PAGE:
What They Read (Kids) May 11, 2014Posted by bobv451 in business, e-books, education, ideas, iPad, sense of wonder, VIPub, web & computers, writing.
Tags: children, discoverability, e-books, education, fantasy, kids, reading, science fiction, sf
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Discoverability is an important part of any author’s excursion through the profession. How do you get eyes on your work? A study on what kids in K-12 read makes for fascinating reading, especially when you dig down into it and find the youngest grades are more amenable to ebooks than other groups. I’d always said ereaders would never become commonplace until the earliest grades read using them. It has happened.
The report What Kids Are Reading is downloadable as a pdf and takes a while to go through.
Here are some of my takeaways.
Many of these books are assigned by teachers and, to my way of thinking, aren’t of much use to us as writers of VIPub original fiction. A student reading To Kill A Mockingbird as a class assignment is less important than finding that Hunger Games has found itself a high ranking over the past few years or that the younger students read Dav Pilkey. Those are hardly revelations but give direction to our hunt to garner new readers. One trend that seems obvious to me in the younger readers (pre 6th grade) is the number of “outcast” stories. The kids want stories in the little tailor vein, Heinlein’s ordinary person who overcomes great peril to triumph as an individual. Superheroes are ok (are we being force fed them?) but the kids read stories about solitary heroes and heroines, probably because they see themselves that way (a fight between Katniss Everdeen and Percy Jackson?). No super powers, just outcast and subpar and wanting to do great things. Stories of accomplishment seem to rate higher than those of ordering the kids to have self-esteem. SF looks important in this extracurricular reading.
As long as I have been in science fiction fandom, there has been the semi-joke about the golden age of sf being 12. This report bears that out when you look at the number of words read by each grade group (page 55). The sixth graders read the most. You might make the argument later grades are reading more challenging books and are therefore reading less due to the time it takes to wade through. Maybe so, but if you want to capture an audience and keep it, find what appeals to a 6th grader. By that age they have access to an ereader, are becoming autonomous and developing their tastes in reading, and probably have more money to spend on their epurchases than the authors writing the stories.
Mostly, I need to sift through this report and find what is being read for pleasure, then figure out how to capture some of the market.
Playing In Someone Else’s Sandbox (Part 6)(collaborations) March 23, 2014Posted by bobv451 in e-books, fantasy, VIPub, web & computers, writing.
Tags: Chris Achilleos, collaboration, fantasy, genre series, Geo W Proctor, Matthew Stover, writing
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This isn’t strictly about playing in someone else’s sandbox as much as learning to share your toys. For someone who doesn’t like doing collaborations it seems I have done quite a few. 16? About that. Mostly I go with the dictum: coauthoring is where you do twice the work for half the money.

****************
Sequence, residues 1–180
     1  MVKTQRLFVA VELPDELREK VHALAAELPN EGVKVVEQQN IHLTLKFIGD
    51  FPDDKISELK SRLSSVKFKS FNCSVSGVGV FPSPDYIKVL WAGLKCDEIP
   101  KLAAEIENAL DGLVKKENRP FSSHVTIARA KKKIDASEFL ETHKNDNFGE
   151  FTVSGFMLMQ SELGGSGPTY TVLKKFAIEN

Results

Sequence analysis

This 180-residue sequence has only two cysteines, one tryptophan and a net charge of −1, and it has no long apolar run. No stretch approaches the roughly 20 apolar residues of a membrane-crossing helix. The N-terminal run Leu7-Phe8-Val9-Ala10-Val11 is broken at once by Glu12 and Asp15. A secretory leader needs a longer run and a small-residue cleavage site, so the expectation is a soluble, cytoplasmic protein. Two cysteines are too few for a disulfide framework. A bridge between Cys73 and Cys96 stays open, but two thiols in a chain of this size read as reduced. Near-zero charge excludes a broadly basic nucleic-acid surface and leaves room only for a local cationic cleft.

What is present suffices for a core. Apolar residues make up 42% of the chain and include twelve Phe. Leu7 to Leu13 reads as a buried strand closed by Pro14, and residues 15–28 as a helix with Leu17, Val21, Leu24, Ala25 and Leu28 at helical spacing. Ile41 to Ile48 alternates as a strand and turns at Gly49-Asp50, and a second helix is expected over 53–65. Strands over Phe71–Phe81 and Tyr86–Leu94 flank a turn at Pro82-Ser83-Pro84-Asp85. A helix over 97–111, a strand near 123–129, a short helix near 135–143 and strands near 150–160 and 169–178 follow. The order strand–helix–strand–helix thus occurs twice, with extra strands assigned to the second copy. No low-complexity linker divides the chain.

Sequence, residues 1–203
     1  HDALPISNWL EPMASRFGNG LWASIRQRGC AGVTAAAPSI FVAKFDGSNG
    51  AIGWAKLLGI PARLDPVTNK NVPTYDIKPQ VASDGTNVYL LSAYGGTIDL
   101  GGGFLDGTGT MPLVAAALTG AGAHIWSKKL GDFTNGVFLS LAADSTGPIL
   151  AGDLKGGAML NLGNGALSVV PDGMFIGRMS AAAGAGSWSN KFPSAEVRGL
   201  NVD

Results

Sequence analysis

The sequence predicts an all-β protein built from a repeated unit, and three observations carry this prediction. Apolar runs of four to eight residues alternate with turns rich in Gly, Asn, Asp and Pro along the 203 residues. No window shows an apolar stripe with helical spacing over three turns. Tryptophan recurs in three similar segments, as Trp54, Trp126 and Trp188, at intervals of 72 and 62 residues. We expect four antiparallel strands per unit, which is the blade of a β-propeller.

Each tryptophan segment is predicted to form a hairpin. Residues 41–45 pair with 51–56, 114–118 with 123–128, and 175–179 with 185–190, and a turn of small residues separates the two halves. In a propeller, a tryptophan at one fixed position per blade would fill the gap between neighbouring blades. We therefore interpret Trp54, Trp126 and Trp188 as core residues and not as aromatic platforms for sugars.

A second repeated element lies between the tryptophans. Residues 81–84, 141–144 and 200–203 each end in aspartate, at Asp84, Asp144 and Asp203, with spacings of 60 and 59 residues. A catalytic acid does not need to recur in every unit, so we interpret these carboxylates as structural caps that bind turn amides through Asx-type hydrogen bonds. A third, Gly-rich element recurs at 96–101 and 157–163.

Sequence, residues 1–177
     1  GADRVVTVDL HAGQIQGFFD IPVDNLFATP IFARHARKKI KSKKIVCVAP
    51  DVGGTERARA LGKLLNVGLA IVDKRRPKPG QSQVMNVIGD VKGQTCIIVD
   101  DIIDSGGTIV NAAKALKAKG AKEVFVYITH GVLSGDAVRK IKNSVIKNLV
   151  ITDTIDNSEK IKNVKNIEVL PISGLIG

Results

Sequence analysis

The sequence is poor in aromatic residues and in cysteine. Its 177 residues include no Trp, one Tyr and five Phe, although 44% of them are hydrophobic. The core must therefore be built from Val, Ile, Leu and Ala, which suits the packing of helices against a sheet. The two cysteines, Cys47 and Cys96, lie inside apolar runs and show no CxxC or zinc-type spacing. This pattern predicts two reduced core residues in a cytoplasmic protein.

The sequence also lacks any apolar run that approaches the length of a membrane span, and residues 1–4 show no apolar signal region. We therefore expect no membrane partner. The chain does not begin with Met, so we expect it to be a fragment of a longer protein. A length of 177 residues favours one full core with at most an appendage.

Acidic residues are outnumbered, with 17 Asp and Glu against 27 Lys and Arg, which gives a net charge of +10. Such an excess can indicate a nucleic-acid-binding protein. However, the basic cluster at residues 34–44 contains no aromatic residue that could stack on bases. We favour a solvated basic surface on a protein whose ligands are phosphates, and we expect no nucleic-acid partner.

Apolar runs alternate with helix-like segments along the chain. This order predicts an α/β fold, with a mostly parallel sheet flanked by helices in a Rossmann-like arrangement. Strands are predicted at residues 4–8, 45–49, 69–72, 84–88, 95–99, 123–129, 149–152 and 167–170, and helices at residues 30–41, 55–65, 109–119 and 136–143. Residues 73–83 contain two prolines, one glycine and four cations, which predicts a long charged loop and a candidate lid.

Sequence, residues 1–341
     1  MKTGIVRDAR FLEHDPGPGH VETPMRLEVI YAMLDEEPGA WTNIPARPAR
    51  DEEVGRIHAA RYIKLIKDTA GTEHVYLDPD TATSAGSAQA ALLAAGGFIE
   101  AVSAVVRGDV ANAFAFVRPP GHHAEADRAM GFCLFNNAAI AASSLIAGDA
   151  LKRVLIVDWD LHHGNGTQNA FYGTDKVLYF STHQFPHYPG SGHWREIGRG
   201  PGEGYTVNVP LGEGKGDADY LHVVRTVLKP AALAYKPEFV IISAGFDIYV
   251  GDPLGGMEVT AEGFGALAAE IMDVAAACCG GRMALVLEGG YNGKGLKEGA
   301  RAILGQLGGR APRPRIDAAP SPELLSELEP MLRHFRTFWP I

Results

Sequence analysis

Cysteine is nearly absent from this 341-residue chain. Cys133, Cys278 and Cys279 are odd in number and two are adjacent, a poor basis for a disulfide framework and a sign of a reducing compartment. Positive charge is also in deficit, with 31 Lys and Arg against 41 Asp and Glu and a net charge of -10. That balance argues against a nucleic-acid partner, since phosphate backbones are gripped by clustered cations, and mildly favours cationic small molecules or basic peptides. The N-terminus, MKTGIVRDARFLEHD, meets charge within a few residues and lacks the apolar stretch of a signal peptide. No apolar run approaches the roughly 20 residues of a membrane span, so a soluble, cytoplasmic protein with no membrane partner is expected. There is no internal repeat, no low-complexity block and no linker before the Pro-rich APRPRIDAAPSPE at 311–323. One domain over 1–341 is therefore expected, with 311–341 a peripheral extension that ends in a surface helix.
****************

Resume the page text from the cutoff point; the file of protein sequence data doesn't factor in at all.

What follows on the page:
An early collab was with Victor Milan in the 6-title series War of Powers. This one had a strange journey going from Playboy books to Ace/Berkley, but the best of the covers were in the twin omnibus New English Library volumes–the covers were by Chris Achilleos and rank with the best on any heroic fantasy book, any time, ever. The migration came about as Playboy dropped out of genre publishing but sales were so good Berkley nee Ace continued them.
I was doing the Cenotaph Road series for Ace when the first 3 Swords of Raemllyn books with Geo. Proctor were sold there. Geo and I talked over where we wanted to go, I did the synopsis, we rewrote it, I did the first draft since I wrote faster, Geo did a rewrite and then I did a final rewrite with him doing the page proofs. The process went quite well and we were able to talk endlessly about it. Geo lived in Texas, I was in NM. We both had Apple ][e computers and bought super hi-speed modems (4800 baud!) We swapped work via the modem, though a book took as long as 20 minutes to transfer, whereupon we would talk for another 2 hours about how techno savvy we were and how we saved so much money on postage. No matter that the phone bills were higher!
The first 3 Raemllyn books did so well, we sold 3 more. Ace balked at a final 3, but those sold to New English Library and never saw American dead tree publication. Unlike the lovely NEL covers for the War of Powers omnibus volumes, I thought these were all subpar. But they did ok in sales and the third omnibus with book #9 in it completed the series we had started ten years earlier.
Working with Geo was trying, especially when our ideas diverged, but the books came out a great fusion of his characters and my plots. And somehow we remained best friends throughout and after.
My other collaboration came with Matt Stover under not so ideal conditions (see the earlier blog about God of War 1), through no fault on either of our parts. His medical problems aside, it went well enough but the merging wasn’t as seamless as with Geo and the Raemllyn books.